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Re: Whacked with MediShield Life Premium

Postby taxico » Wed, 13 Jan 2016 2:45 pm

i didn't read this whole thread.

as of late Dec 2015, what i've found out, been told (email, phone calls, etc) is we can't "opt out" or get exemptions right now, regardless of circumstance.

you have to pay if you're SC/SPR. i think CPF will come up with something later as they are "aware of the situation" and are "looking into it."

as of now, if you don't pay, you're breaking da law.

there's a petition somewhere out there. my wife and i "signed" it although i'm pretty sure it's a waste of our time.
Aut viam ad caelum inveniam aut faciam

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Re: Whacked with MediShield Life Premium

Postby x9200 » Wed, 13 Jan 2016 6:14 pm

Good to hear they have some plans to fix the problems. What they did was so no SG gov.

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Re: Whacked with MediShield Life Premium

Postby Strong Eagle » Wed, 13 Jan 2016 9:41 pm

I have received an email from CPF, the agency that collects premiums and administers the MOH MediShield Life plan.

Changes were made effective 01 Nov 15 which changed the insurance name from MediShield to MediShield Life, change the benefits, AND changed the premium structures.

I went back and looked at my premium contributions for prior years and there weren't any for the years I was out of Singapore... well, there were but they were reversed when I told them I was out of the country.

However, the email I received clearly explains that the new policy specifically includes all citizens and PR's no matter where they may reside and that I must now pay premiums, and of course, I have "universal health care" in Singapore... at least until my REP runs out.

It seems to me that the intent of the premium change is to take in more money in order to pay for increased benefits. However, an unintended consequence of this will be that people in my situation may decide to renounce PR and remove their CPF funds in order to avoid the premium.

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Re: Whacked with MediShield Life Premium

Postby earthfriendly » Thu, 14 Jan 2016 4:01 am

Strong Eagle wrote:
It seems to me that the intent of the premium change is to take in more money in order to pay for increased benefits. However, an unintended consequence of this will be that people in my situation may decide to renounce PR and remove their CPF funds in order to avoid the premium.


I am not too sure about that. Cost of healthcare has been going up and then there is the ageing demographics.

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Re: Whacked with MediShield Life Premium

Postby BBCWatcher » Thu, 14 Jan 2016 7:33 am

earthfriendly wrote:I am not too sure about that. Cost of healthcare has been going up and then there is the ageing demographics.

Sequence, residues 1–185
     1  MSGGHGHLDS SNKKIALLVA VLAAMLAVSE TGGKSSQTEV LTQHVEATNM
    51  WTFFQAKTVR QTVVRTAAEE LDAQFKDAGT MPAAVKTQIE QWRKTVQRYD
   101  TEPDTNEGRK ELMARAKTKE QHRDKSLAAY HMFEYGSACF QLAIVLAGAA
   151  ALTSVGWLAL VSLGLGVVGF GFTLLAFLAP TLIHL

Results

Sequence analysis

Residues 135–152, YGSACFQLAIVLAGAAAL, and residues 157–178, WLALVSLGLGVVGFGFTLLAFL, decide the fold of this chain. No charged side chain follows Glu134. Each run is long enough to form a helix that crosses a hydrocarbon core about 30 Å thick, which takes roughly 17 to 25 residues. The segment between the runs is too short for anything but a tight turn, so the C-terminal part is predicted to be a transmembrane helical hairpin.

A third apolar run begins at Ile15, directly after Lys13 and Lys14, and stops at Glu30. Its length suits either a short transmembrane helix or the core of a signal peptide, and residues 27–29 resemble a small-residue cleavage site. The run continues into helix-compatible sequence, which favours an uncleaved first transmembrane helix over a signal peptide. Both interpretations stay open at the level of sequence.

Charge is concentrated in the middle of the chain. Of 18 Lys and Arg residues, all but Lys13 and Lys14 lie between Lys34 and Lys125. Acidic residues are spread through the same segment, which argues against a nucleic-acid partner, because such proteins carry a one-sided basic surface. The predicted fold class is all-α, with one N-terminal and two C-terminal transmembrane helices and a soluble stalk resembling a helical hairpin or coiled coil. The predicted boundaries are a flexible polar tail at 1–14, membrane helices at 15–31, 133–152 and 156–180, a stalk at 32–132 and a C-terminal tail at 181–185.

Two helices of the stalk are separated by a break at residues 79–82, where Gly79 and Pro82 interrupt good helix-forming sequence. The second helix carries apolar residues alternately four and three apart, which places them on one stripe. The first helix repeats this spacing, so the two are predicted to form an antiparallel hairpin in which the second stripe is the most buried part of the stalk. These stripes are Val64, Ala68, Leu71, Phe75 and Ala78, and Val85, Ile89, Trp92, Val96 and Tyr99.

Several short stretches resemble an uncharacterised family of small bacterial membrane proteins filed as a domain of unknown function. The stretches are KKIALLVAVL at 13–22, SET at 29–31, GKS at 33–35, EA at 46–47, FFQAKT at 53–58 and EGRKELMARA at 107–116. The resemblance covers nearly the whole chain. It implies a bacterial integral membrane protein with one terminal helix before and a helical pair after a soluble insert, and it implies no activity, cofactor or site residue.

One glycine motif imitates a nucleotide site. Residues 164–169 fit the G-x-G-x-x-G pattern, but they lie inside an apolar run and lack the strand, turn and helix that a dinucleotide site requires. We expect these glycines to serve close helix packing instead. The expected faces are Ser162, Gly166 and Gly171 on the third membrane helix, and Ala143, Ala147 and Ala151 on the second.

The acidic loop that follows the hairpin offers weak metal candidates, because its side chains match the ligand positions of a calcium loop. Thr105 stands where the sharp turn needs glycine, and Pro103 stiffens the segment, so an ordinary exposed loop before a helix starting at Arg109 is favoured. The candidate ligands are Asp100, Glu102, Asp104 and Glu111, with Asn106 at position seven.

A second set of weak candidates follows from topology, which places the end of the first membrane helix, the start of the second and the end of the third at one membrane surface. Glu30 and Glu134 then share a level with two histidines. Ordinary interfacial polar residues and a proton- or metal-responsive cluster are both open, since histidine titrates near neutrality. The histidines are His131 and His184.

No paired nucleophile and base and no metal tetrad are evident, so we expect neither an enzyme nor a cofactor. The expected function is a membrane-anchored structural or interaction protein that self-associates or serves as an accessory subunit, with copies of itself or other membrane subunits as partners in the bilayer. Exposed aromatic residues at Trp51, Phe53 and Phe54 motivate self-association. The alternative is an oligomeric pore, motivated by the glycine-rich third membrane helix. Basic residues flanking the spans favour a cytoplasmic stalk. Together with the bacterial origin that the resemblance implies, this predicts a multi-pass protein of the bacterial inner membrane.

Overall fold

MediShield Life's benefits are clearly superior to the previous MediShield's benefits. To pick one example, MediShield had a lifetime limit of $300,000 and an age limit of 92, but MediShield Life eliminates those particular limits. (There's still a $100,000 annual limit, but it's up from $70,000.) Cancer-related limits in particular are much higher. Co-insurance percentages have been cut basically in half. Previously you paid 10 to 20 percent of the claimable amount (after the deductible), and now it's 3 to 10 percent.

Strong Eagle, I don't think the reduction in what I might call "loosely attached" PRs (and even citizens) -- you, as an example -- is an "unintended" consequence of MediShield Life's premiums/taxes, as you prefer. I think the government knows exactly what it's doing here, that this is a feature, not a bug.

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Re: Whacked with MediShield Life Premium

Postby earthfriendly » Thu, 14 Jan 2016 9:10 am

An example of Medishield payout. Like all insurance products, it is not meant to cover 100 %. It is an "insurance" to offer you peace of mind that a terminal illness will not bankrupt you.

http://theindependent.sg/medishield-lif ... -medicine/

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Re: Whacked with MediShield Life Premium

Postby x9200 » Thu, 14 Jan 2016 10:10 am

earthfriendly wrote:An example of Medishield payout. Like all insurance products, it is not meant to cover 100 %. It is an "insurance" to offer you peace of mind that a terminal illness will not bankrupt you.

http://theindependent.sg/medishield-lif ... -medicine/

There are many insurance products that cover 100% with much higher life and yearly limits than what CPF enforces. They are more expensive, but this is not like they cost arm and leg. And they cover a lot more and provide even more freedom. E.g. the one I have with GH covers me everywhere, any clinic/hospital, 1BR wards etc etc any country except US.